View Full Version : The efficiency of juicers?
12-03-2012, 03:45 AM
I am wondering if anyone here can link me to or knows any solid information regarding the efficiency of juicers as it relates to the nutrients inside of the vegetables or fruits? I am mainly interested in how much of the amino acid content would be left in the juice. I have heard different ideas, but I am wondering if there is anything more solid at all? Any tests ever been done or is there anything documented at all? Thank you people!
12-04-2012, 01:41 PM
I have yet to find any studies done on this, but there is a lot of opinion on many different blogs. I would also like to know the effect of heat, oxidation etc which are usually mentioned when considering different types of juicers.
other threads on this -
12-08-2012, 03:17 PM
Yeah, I am in the process of writing something that could be really helpful to a lot of people and this piece of the puzzle sure would help. That is the thing with a lot of information related to juicing. It is not a new thing, but on the level that people are including into their diets now so much more information is desired by most.
I could say in general it should be this efficient or that efficient, which from the amount I have read would probably be accurate within %5-%10, but to find some study or anything that actually speaks to a found result would be great. I know that the nutrients and amino acids included are pretty much contained within the cell walls of the vegetable or fruit and so by juicing them using whichever juicing method someone is using. Basically you are opening the cell wall generally speaking and releasing the nutrient in the form of liquid juice.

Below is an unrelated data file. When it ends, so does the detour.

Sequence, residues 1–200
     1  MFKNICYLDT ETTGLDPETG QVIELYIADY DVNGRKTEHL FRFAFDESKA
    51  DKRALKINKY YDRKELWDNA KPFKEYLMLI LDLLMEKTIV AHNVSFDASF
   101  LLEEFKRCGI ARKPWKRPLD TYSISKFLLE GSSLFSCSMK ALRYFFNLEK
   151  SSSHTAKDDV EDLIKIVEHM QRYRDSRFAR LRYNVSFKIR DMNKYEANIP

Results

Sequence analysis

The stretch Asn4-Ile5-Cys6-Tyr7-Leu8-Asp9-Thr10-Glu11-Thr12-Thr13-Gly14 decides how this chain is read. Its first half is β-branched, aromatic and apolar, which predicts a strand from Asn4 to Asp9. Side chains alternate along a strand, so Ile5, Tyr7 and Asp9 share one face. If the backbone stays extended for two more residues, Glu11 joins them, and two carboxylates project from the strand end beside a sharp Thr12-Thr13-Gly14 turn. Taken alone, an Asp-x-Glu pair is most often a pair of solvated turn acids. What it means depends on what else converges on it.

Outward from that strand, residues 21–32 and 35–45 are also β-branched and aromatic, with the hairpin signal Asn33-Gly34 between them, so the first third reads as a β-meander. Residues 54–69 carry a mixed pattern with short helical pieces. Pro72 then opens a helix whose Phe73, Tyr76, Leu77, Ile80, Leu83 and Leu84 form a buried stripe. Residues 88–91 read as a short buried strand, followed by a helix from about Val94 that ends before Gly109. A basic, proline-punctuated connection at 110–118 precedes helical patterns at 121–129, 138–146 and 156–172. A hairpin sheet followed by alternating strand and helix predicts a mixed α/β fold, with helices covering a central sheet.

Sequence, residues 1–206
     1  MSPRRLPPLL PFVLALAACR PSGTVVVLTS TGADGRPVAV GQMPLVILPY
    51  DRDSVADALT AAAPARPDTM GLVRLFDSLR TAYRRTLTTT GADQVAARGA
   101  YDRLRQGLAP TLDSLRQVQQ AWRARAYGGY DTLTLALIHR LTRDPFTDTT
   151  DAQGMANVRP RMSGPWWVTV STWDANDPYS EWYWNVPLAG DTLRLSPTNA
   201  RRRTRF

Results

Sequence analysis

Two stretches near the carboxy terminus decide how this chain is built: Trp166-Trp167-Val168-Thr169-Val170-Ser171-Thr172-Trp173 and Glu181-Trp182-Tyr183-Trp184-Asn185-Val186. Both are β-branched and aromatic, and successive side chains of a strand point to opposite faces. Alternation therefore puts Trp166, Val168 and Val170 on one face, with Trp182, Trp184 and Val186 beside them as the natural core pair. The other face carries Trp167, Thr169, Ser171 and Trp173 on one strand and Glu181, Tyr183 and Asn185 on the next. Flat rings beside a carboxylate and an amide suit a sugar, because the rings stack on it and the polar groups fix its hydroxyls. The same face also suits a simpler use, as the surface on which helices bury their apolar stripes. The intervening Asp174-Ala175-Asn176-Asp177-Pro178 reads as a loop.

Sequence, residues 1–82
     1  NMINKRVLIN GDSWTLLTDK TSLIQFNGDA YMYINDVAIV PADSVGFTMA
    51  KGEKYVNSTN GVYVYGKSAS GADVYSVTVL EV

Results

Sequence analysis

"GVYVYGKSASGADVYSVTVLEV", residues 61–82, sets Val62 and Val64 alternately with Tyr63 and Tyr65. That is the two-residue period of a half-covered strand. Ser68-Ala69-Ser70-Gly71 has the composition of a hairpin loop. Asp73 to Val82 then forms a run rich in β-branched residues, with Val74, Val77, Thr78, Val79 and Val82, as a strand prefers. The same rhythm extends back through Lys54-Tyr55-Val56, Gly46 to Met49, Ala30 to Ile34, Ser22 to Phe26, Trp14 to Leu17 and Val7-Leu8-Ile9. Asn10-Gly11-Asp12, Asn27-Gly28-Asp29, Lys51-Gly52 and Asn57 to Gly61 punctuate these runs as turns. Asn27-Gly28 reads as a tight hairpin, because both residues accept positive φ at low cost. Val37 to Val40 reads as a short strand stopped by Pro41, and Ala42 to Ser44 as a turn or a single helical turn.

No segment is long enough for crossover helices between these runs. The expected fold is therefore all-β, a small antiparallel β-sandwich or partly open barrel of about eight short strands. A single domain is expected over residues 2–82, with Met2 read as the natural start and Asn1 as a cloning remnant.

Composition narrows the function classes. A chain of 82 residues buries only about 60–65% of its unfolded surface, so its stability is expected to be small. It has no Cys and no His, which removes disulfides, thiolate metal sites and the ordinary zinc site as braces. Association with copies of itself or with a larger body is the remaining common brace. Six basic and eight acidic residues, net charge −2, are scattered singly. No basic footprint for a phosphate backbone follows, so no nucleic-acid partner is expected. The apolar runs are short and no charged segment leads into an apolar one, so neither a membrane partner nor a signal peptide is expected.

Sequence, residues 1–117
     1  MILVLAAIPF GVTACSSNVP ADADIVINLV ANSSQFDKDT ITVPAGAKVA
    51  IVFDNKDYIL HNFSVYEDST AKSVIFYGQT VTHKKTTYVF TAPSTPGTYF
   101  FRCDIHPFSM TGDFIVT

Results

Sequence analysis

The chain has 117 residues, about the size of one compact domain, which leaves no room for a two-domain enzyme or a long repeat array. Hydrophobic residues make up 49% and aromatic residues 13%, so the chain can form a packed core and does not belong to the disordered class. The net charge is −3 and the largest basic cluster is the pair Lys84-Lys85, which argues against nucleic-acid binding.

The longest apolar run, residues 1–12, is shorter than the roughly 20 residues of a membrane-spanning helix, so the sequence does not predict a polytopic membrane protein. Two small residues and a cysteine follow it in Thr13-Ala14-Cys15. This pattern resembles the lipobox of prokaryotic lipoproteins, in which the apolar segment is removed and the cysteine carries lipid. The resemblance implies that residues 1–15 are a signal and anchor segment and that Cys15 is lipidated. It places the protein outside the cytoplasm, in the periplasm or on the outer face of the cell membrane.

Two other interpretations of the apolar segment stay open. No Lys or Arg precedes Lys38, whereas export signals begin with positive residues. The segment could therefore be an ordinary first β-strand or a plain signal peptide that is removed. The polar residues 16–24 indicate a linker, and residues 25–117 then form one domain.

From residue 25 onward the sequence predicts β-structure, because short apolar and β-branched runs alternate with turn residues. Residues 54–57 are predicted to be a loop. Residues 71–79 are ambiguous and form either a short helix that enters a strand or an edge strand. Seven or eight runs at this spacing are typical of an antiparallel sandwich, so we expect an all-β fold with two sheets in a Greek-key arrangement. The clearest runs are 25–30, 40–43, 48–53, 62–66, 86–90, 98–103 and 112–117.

I also know that no matter how dry the pulp is using even the most efficient juicer there is something that will be left behind. In some and probably many cases it doesn't add up to more than somewhere between %10-%25 of the nutrients contained inside of the produce being lost if you drink it as soon as possible after it is made. So I can say with some sense of accuracy that a fresh raw juice would contain %75-%90 of the nutritional content listed for the vegetable or fruit in question, but a more definitive amount sure would be nice.
If anyone knows anything about this at all please feel free to add what you have found or show me where to find the studies that are relevant to this! :) . It would be much appreciated. In time I am hoping to be able to add something of great value to the juicing community as well as many others!
12-10-2012, 12:16 AM
Look into "The Gerson Therapy".
12-11-2012, 08:04 PM
Awesome thank you walnutty! That is a start. I also found a few other sources now, one including a study by the department of agriculture. Let us hope this has some promise. It looks really good so far and includes info about how juices retain a lot of their soluble fiber and only lose the insoluble. Which I already knew from looking into it and I am sure a lot of people here know about. It is good to see solid studies though and is good to repeat the good word so that others have information to put in their hands when making a decision about juicing. There is so much misinformation out there that has been constantly repeated from uninformed people.
Anyhow thank you for pointing me to the Gerson Therapy as well, it looks interesting all on its own and I will be checking more of that out also!
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